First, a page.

To understand why, we have to take a quick look at the carbon cycle. The earth is filled with giant deciduous forests that breathe in CO2 to grow in spring, and then release lots of CO2 as the leaves decay in fall, moving massive amounts of CO2 in and out of the air.

This kind of movement (assuming the forests stay the same size), averages out to be neutral, year after year. The same thing happens in swamps, bogs, lakes, oceans, and even everyday dirt. It's a normal cycle of carbon in our atmosphere, and overall, over years and decades and millennia, CO2 levels stay steady.

Flying, however, is different. When we fly (and drive gas-powered cars, use coal-fired plants, or burn natural gas), we take carbon that was stored deep underground and was never a part of that cycle, and add it to the atmosphere.

Year-over-year, that means there's more of it in the air, and it's causing all sorts of troubles, including the rising oceans (thanks to melting glaciers) and shifts in climate.

The reasonable thing to do then, is to pull the carbon we added back out - which brings us to carbon offsets. But there's a catch.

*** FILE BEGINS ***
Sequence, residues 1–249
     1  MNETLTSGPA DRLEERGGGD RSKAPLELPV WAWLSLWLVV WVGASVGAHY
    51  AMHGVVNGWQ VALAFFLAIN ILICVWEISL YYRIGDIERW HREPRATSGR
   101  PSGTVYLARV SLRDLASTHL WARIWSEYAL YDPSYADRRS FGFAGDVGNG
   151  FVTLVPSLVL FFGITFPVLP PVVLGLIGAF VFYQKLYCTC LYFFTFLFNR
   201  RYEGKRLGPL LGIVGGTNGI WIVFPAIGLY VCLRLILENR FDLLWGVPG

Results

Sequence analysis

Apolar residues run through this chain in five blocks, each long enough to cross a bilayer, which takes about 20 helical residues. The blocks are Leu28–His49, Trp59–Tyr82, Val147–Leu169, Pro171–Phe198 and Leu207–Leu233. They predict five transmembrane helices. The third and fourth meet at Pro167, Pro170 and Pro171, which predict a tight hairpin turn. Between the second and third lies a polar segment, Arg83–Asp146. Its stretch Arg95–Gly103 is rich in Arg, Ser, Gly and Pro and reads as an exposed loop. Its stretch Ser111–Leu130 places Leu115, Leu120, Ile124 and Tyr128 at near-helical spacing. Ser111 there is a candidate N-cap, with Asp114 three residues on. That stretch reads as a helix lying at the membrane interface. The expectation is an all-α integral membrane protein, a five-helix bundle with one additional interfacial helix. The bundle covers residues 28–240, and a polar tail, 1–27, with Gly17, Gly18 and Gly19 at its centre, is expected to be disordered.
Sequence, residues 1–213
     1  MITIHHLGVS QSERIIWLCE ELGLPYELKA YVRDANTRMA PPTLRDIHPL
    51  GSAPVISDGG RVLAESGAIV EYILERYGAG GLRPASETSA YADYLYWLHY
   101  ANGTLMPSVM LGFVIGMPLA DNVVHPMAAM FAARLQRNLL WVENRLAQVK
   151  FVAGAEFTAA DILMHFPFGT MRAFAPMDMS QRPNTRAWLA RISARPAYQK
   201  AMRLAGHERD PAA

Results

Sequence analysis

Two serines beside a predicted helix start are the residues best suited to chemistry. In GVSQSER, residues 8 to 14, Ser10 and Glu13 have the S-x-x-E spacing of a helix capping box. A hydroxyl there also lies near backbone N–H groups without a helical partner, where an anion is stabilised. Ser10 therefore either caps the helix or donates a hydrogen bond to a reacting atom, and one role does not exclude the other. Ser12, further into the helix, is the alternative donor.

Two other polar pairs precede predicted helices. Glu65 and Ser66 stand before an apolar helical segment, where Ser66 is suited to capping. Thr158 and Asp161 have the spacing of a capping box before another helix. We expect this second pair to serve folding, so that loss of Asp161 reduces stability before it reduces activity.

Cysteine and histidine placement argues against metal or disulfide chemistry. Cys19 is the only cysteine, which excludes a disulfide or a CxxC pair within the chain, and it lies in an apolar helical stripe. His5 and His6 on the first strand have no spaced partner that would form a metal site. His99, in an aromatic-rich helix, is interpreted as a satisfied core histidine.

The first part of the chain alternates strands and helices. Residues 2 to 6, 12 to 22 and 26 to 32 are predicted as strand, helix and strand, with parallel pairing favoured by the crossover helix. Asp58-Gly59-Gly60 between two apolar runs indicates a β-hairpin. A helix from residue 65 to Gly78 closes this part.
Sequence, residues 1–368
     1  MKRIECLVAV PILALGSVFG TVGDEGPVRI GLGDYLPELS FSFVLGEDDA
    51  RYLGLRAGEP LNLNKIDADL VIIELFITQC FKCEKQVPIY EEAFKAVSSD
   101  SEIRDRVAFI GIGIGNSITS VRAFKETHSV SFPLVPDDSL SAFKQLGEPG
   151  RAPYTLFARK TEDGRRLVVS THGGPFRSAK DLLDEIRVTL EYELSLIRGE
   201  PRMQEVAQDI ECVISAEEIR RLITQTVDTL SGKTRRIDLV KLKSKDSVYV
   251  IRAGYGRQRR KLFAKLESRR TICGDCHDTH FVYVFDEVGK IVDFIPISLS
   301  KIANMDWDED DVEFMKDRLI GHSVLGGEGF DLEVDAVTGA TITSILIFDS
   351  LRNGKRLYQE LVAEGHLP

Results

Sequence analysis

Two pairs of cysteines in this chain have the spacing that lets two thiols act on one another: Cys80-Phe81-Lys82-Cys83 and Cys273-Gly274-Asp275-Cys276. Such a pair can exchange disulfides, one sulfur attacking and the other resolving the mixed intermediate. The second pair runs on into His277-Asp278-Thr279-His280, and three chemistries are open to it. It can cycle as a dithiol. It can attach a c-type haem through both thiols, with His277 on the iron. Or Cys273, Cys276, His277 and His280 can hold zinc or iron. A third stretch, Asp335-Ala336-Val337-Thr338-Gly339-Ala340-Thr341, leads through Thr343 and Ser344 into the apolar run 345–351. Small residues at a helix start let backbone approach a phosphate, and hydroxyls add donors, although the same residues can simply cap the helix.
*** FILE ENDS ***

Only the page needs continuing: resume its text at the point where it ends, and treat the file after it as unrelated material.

At the moment, most carbon offsets are things like converting someone from burning coal for energy (which adds CO2 to the atmosphere) and to using solar cells (which don't.)

Offsets like these mean that overall, we're adding less CO2 to the atmosphere, which is good. But it does not mean that any of the CO2 I dumped in by flying from Rwanda to LA got pulled back out.

However, there's another kind of offset - called sequestration - that actually pulls CO2 out of the air, and shoves it deep underground. It's physically the opposite of what we're doing by burning oil and coal, and it's one of the best hopes we have in fighting climate change.